“Inception” is one of those clever, suspenseful movies that
delight the sci-fi-techno crowd, but is truly frustrating to the more linear
thinkers, who want their story lines clean, clear, and chronological.
Leonardo DiCaprio play Cobb, a dream weaver of the first order.
He, in collusion with his team of anonymous inventor geeks, have
figured out how to insert themselves into another person’s dream.
This has great implications for the highly-nuanced field of corporate
espionage. What if you could
somehow enter the mind of your competitor, thereby both stealing secrets and
planting the seeds of doubt, confusion, and paranoia?
Sounds absolutely devilish.
Actually, the nascent technology hasn’t turned out all that great
for Cobb himself, who managed somehow to plant the seeds of doubt in his own
wife, appropriately named Mal (Marion Cotillard), who’s now the nemesis
that keeps appearing in his own dreams as a projection of his guilt over her
terminal confusion. Sound
complicated? Wait until they
start talking about administering strong sedatives so the participants can
descend into the second and third levels of dreaming, where time slows down
and mental functions speed up, and physical danger becomes an adrenalin-rush
unreality because we are somehow still aware that we can just escape by
It’s an interesting role for Ellen Page, of “Juno” fame, to be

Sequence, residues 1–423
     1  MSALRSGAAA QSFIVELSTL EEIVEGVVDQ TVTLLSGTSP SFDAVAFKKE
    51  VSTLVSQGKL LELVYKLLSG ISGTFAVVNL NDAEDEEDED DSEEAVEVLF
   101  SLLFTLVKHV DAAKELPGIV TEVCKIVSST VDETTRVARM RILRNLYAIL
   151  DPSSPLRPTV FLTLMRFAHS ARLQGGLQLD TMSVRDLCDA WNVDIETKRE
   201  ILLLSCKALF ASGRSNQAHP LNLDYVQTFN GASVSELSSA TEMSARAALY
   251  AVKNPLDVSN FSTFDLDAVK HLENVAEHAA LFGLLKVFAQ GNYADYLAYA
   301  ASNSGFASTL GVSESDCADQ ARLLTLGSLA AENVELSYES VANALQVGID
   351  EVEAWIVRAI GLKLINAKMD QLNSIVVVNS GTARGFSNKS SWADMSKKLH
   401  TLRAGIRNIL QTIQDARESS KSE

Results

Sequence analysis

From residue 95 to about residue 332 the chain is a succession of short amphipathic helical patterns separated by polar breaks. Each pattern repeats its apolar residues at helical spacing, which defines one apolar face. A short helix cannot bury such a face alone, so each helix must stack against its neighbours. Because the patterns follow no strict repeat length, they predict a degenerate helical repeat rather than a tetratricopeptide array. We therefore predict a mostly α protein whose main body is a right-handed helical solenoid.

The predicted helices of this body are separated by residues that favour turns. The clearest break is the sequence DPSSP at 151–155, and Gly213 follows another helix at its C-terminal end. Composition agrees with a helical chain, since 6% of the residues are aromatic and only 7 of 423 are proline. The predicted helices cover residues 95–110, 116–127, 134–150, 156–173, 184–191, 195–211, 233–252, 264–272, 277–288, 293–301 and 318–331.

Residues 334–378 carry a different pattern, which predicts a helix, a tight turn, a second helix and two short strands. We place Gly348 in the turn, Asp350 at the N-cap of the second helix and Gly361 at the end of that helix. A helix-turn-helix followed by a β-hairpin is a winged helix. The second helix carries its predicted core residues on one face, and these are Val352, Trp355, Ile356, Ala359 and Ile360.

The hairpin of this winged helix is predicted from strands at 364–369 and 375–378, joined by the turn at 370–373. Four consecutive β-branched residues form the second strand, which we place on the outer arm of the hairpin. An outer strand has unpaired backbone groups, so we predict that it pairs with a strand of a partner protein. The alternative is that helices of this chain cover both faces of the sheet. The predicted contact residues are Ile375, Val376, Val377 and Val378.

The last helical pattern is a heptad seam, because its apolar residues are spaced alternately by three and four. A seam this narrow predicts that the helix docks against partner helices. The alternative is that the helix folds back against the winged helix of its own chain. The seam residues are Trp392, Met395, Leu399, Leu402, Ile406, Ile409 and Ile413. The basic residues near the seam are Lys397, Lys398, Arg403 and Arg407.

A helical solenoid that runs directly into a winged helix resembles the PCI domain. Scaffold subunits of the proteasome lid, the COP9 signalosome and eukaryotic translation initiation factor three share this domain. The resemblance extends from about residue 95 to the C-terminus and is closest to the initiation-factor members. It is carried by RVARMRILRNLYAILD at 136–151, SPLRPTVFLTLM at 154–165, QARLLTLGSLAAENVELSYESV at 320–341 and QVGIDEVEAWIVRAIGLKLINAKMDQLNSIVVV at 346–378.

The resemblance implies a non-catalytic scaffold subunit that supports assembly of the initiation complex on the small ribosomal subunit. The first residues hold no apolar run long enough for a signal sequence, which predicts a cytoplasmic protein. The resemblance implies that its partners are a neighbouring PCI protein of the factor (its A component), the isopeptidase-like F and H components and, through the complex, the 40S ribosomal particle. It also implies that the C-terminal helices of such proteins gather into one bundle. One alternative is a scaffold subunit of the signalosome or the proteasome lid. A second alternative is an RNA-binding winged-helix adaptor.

the neophyte Ariadne on Cobb’s dream-weaver team:
she still appears to have that wonderful guarded openness, so
perceptive and adaptable that she catches on very quickly; so quickly that
she notices the inherent dangers the others don’t.
It seems Cobb is working through his own back story, which he brings
with him to the project, of course, because it’s a prominent part of his
Michael Caine has a nice little cameo as Cobb’s father-in-law;
he doesn’t even have to pretend to act any more;
just being himself is screen presence enough, and we don’t forget
which character he plays, either, even after an extended absence. Cobb
is trying to work his way back home, and we know that somewhere he’s going
to have to make some hard choices, while still fending off the minions of
bad guys in the dream state, projections of other’s natural defenses, and
letting go of his unreal fantasy of his beautiful, beloved, Mal, and
reluctantly accepting the new reality that to choose her is to be forever
consigned to a Limbo of un-being.
At the end, Cobb tells Ariadne that she’s going to need a
“totem”: a physical trinket
that enables her to distinguish reality from fantasy at any given moment.
Actually, seeing this film, we’re all going to need one.
Dr. Ronald P. Salfen, Pastor, Grace